Posted by : Sherri Cornelius Thursday, January 20, 2011

I've really been avoiding writing this post. I came up with several different topics, wrote some on each, and decided to write about quitting. How you might decide whether it's worth your while to discard what you've worked toward and start fresh. But it appears I still suffer from the same performance anxiety I always have, because when I think of actually crafting a post and submitting it for your consumption, I clench. It's the same with novels, short stories, articles, and even my resume. The only way I can write is to sneak up on myself, like I'm doing now.

So I thought I would examine that this week. And maybe next week. Possibly until I figure it out.

I know some of my online friends have a similar problem. Lots of ideas, great ideas, scenes written in the safe space between the ears, characters developed as if we remember them from another life. I'm sure every one of us has different reasons for the disconnect between thinking and doing, and here's my list (which assumes a natural talent for putting words on the page, because if that's not there then none of these will matter):

  • Fear of failure

  • Fear of success

  • Fear of exposure

  • Scattered focus

  • Fatigue

  • Personal subject matter

  • Physical distractions

  • Feeling undeserving

  • Uncertainty of purpose

  • Indecisiveness

I could probably go on, but already a pattern has emerged. All of these things indicate an imbalance in the writer. And as I look at the list it seems very familiar, so I'm sure there is some internal reason these things came up. The fear of failure is probably universal, and there's tons of advice on how to overcome that particular fear. Fear of success might be more subtle, and in my case probably has to do with not knowing if I can sustain any success that comes my way. After all, I had what most would consider a huge success when I landed my agent, but the failure to get that first book published put me at my lowest point as a writer. Maybe that's something I can explore in the next post.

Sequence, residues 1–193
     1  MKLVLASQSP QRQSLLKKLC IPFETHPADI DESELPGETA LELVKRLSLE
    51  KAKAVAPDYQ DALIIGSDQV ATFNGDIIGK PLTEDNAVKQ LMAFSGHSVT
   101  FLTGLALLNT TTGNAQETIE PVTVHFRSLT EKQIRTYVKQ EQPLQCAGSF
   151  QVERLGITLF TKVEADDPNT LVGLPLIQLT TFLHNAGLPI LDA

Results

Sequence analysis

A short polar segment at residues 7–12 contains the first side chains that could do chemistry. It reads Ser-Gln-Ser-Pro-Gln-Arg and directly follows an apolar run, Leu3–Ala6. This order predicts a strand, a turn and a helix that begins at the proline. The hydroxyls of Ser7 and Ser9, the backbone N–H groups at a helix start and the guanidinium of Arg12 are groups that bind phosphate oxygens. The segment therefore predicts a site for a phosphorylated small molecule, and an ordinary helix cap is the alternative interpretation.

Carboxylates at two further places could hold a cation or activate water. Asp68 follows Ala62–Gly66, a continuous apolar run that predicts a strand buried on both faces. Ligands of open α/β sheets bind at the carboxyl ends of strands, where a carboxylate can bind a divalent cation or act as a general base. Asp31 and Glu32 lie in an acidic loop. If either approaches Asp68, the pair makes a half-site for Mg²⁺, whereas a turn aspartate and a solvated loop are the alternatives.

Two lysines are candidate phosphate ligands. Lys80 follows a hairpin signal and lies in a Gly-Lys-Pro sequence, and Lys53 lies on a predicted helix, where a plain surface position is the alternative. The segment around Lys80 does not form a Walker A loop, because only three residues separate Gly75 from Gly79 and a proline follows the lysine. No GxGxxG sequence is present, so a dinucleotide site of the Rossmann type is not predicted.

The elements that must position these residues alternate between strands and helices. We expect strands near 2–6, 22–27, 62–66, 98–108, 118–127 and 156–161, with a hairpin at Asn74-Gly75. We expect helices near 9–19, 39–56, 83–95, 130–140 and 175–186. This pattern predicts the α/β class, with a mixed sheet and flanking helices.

What would you add to this list? What holds you back?

{ 10 comments... read them below or Comment }

  1. Fear of success is a big one for me. This feeling that when or if I finally make it, people will see me for what I really am and think I'm a fraud or a hack and that I'm not worthy. I've dealt with this "impostor syndrome" for most of my adult life. With every success I've had comes this feeling that I didn't really deserve it, and this creates a sense of inertia sometimes.

    I fight through it every day by putting myself out there as much as I can. It's the only thing that seems to work. I get my work out there, I blog, I immerse myself in social networking because I know if I didn't do those things, I'd probably get to a point where I would just be lost completely. People mistake this for self-confidence, but it is anything but.

    So yeah, I'm terrified of success. But I feel that eventually I'll get over it. And maybe one day I'll truly believe I'm worthy of it.

  2. So you have a fear of success because of a deeper fear of exposure. It's nice to see you're able to write in spite of it, but how does your fear affect the quality of your work?

  3. I feel everything you've enumerated. More specifically for me, it is all part of a larger, more deep-seated marriage of Fear of Failure and Fear of Rejection. For example, I tend to be a procrastinator, distracted and unfocused, and obsessed over details and rewriting at the expense of writing. This causes me to question my desire, ability, and motivation. Sometimes I dont try to work past my difficulties because I fear that even if I SHOULD manage to write a substantial amount of words, I wont be able to do it again--that no matter how hard I work I wont ever be able to finish anything. And even if I should finish something, it will be the only thing I will ever finish. And because it was so hard to do, It stands to reason that im not very good at it, and therefore all the work I do will be crap and its not worth it to anyone to read, so so wahts the point of even finishing if it will be rejected. So I question further my desire, ability, and motivation.

  4. (stupid enter key)